Assistive tech can't handle the unusual fonts people use on Twitter to be cute


#1

Originally published at: https://boingboing.net/2019/01/10/assistive-tech-cant-handle-t.html


#2

No - I don’t think it’s cute. I think your assistive technology sucks. Fix it!


#3

Yeah, why does text-to-speech read out all the tags unless the user is editing them? That’s a design flaw.


#4

Because it is information that, otherwise, is only available to sighted users. People using assistive technologies should be able to determine context.


#5

Isn’t figuring out the context one of those hard AI tasks? Why should a resource limited screen reader be expected to do something that supercomputers still have not mastered?


#6

That’s a good point, but in this case it’s just rendering the reading unintelligible. I don’t want to be glib about the challenges of creating useful software, but there is surely a better way to present that information to the listener. Does it also read out every single grammar mark?


#7

Meanwhile, people who depend on the technology should…? Web accessibility is worth thinking about, even for those who don’t build websites.


#8

Reminds me of my high-school part-time job writing a program for a small business.

If you entered a comma among the numerals when inputting a dollar value, it would crash the program.

My inept solution: telling the typist “don’t use a comma, don’t ever use a comma!”


#9

How is saying it should work NOT supporting this?


#10

Right, which is why the screen reader depends on alt tags to convey formatting changes and descriptions of images. It’s worth thinking about accessibility when putting content on the internet. Unless you hate people with disabilities. Then…go for it, I guess.

Edit: my last two sentences were totally unnecessary. I don’t think that you hate people with disabilities and wasn’t try to convey that message.


#11

GulliverFoyle
That’s a good point, but in this case it’s just rendering the reading unintelligible. I don’t want to be glib about the challenges of creating useful software, but there is surely a better way to present that information to the listener. Does it also read out every single grammar mark?

Perhaps there is. I hope so. But the people who rely on it now depend on accessible content to be useful.

KathyPadilla
How is saying it should work NOT supporting this?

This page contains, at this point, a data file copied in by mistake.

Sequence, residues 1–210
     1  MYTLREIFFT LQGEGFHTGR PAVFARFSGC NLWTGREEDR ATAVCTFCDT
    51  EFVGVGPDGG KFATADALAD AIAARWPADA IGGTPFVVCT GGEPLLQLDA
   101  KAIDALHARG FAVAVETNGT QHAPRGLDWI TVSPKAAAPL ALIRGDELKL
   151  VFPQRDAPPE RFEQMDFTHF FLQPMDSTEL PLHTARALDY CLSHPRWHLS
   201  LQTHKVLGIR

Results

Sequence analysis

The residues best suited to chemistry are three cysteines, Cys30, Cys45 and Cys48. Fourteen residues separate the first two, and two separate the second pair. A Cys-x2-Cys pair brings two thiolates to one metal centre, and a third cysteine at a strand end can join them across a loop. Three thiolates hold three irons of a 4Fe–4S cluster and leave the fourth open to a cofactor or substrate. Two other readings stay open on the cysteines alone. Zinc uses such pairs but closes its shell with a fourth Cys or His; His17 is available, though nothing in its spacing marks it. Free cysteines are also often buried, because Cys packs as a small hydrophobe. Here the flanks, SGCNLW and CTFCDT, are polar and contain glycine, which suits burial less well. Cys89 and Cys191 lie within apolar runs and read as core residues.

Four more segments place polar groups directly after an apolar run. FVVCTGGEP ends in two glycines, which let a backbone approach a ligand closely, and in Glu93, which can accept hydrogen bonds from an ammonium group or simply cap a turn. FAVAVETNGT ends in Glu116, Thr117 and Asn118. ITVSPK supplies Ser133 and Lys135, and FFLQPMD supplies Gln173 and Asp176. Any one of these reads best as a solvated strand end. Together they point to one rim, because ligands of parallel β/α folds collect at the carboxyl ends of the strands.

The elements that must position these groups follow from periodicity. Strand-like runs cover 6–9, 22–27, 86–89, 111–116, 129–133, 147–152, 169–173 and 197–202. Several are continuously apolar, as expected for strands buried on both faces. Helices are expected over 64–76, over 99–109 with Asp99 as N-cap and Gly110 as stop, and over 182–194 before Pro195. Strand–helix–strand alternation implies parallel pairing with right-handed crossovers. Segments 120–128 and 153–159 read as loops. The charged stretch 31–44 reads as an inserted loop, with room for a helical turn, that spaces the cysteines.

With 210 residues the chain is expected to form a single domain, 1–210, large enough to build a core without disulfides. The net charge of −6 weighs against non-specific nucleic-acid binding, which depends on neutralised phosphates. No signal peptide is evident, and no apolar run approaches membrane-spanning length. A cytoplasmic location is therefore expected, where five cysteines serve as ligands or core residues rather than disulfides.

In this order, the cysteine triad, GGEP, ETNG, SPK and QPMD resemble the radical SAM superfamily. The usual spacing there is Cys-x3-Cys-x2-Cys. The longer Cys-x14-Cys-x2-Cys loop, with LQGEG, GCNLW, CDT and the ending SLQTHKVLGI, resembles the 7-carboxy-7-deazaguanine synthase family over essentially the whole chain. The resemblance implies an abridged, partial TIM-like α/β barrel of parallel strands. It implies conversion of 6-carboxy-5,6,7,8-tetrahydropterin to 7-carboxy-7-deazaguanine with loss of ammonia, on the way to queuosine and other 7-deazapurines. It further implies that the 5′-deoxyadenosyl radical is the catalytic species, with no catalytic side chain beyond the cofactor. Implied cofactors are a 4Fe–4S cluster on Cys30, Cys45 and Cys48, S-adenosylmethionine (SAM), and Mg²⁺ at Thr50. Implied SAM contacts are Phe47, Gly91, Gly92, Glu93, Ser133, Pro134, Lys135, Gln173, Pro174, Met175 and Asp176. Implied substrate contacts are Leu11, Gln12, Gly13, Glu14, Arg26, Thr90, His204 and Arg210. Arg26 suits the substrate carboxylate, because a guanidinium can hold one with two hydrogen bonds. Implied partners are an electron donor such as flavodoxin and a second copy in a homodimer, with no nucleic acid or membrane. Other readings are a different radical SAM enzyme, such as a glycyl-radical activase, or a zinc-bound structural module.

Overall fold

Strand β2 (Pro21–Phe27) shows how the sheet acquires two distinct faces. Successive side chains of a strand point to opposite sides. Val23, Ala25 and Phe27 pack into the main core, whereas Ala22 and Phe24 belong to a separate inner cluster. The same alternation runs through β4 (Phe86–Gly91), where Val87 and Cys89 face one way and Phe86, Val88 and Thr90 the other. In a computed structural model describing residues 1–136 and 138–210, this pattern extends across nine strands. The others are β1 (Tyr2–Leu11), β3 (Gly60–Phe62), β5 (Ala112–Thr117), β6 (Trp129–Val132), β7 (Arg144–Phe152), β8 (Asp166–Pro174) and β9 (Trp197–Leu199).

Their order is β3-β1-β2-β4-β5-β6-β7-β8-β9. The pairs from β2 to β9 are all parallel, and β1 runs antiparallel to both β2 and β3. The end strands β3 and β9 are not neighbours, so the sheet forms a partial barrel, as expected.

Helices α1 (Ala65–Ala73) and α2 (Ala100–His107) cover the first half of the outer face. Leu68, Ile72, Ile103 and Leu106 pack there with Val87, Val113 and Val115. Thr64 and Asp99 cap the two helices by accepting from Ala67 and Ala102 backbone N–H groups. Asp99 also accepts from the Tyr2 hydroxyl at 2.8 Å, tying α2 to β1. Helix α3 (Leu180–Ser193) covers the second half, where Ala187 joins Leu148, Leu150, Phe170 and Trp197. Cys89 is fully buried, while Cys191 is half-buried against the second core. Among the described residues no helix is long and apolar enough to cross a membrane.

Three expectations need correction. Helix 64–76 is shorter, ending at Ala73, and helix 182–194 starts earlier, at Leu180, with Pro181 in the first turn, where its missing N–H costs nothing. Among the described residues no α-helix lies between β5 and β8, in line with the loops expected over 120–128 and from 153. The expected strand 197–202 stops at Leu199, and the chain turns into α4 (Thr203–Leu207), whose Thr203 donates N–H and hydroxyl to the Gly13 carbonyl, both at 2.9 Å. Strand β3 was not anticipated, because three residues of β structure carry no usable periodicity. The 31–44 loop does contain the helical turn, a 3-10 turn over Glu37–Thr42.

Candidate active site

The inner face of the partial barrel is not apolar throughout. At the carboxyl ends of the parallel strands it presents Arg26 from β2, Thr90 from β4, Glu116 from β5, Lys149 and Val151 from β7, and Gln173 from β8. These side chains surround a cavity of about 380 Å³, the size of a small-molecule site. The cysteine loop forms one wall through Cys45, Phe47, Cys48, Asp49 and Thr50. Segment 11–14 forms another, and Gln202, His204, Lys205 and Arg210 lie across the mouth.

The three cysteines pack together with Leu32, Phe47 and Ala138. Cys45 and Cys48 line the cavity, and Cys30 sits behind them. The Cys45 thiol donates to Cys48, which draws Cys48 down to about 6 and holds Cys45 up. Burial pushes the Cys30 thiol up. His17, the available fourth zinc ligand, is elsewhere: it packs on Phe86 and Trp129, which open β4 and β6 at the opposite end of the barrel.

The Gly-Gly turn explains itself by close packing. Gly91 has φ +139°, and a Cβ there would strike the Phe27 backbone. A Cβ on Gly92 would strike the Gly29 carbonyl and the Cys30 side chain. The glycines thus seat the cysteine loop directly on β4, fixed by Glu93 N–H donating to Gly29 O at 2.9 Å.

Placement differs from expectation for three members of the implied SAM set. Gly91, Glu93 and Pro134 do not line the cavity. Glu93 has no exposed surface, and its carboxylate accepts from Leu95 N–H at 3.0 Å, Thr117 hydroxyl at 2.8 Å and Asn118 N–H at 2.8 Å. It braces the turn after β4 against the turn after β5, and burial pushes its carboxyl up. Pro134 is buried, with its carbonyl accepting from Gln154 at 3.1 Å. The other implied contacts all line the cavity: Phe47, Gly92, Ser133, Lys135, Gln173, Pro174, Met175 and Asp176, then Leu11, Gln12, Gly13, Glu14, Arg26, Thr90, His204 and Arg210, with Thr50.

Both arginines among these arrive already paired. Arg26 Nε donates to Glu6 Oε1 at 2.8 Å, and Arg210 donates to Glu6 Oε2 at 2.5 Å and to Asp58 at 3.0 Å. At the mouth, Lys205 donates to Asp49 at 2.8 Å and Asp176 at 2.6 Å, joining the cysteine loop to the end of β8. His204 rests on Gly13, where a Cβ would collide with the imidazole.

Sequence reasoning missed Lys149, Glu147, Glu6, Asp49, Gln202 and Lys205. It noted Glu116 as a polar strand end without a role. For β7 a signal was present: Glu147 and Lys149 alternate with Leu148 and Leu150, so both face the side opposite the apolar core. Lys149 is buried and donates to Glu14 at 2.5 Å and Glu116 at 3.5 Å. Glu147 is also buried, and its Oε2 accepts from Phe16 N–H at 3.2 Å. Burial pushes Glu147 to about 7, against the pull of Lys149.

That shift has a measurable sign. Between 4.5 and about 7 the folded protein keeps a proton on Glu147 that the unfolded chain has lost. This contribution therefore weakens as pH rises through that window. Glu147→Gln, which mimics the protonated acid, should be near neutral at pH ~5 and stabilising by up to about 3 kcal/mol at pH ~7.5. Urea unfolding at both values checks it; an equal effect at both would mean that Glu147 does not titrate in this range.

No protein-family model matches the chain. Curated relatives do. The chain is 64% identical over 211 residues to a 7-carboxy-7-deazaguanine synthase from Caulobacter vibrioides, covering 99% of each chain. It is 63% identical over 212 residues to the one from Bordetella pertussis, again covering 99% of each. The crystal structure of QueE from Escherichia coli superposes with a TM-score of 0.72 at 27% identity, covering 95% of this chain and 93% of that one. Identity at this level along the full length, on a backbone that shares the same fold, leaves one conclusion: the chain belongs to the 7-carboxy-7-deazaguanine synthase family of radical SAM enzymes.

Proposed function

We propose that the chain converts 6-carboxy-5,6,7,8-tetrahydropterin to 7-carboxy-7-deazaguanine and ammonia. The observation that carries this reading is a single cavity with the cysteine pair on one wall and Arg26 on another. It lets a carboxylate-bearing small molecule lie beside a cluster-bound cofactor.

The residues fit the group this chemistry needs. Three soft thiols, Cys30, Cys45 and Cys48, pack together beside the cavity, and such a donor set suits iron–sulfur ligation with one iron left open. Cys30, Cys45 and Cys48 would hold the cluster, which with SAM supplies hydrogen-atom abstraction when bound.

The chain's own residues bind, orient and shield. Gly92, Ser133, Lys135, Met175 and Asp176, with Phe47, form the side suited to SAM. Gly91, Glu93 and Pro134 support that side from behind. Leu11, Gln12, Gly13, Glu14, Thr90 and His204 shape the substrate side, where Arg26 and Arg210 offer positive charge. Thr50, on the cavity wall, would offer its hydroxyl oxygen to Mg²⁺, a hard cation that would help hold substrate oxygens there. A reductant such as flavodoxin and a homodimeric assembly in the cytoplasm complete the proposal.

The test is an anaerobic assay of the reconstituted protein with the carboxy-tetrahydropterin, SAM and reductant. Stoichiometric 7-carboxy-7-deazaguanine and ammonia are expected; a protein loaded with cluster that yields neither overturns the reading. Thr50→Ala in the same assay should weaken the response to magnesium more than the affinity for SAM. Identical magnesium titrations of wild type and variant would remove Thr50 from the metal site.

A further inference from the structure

I didn’t mean to suggest that you don’t support it. Just that we, as individuals who write things on the web, can make things better by thinking about accessibility. We don’t need to place the ownership of the problem on software developers.


#12

I think the core of this is to think about the purpose of one’s own communication: What value do these words have to others, and does the benefit of using textual characters creatively justify the cost of being unintelligible to some portion of one’s potential readers?

The message shouldn’t be “Don’t use fancy characters”, but “Think about the effect of using fancy characters”.


#13

Most of us who post on the web aren’t software developers and don’t even know what those symbols are. But - yes - if you’re aware of a problem addressing it is something most everyone would do. This doesn’t excuse software developers who’s job it is to make these accessible techs work - actually do their jobs competently.

If a contractor put in a shoddy ramp - you’d blame the contractor for substandard work. Software developers don’t get a free pass because reasons.


#14

If you’re implying that people who use non-standard text formatting on social media hate people with disabilities, that comes across as a very extreme characterization. The majority of Twitter posts in general and virtually all Twitter posts written in cutesy text are frivolous.


#15

How about you don’t use these fonts because they look stupid? Will that solve the problem?


#16

If you couldn’t do something because it looks stupid fashion would not exist.


#17

KathyPadilla
Most of us who post on the web aren’t software developers and don’t even know what those symbols are. But - yes - if you’re aware of a problem addressing it is something most everyone would do. This doesn’t excuse software developers who’s job it is to make these accessible techs work - actually do their jobs competently.

If a contractor put in a shoddy ramp - you’d blame the contractor for substandard work. Software developers don’t get a free pass because reasons.

Fair point. I’ve just been thinking about web accessibility a lot lately, it’s been a big push with my employer. It’s a pretty big issue and one that was completely off my radar a year ago. Improvement needs to come from developers of assistive technologies, too.

GulliverFoyle
If you’re implying that people who use non-standard text formatting on social media hate people with disabilities, that comes across as a very extreme characterization. The majority of Twitter posts in general and virtually all Twitter posts written in cutesy text are frivolous.

You are absolutely right, it was an extreme characterization and counterproductive.


#18

I fixed it for you:

import unicodedata
normal_text=unicodedata.normalize('NFKD', unicode_text)
screenread(normal_text)

#19

Yeah I am confused why a different font would result in messed up characters for text to voice. I mean, a normal font like arial or verdana or times new roman should all work the same. Unless, is twitter using some weird cludge to get the fancy text?

Though to be fair, that text is still an abomination due to the abuses of too many and hard to read font types.


#20

it all appeared as question marks on my rss reader too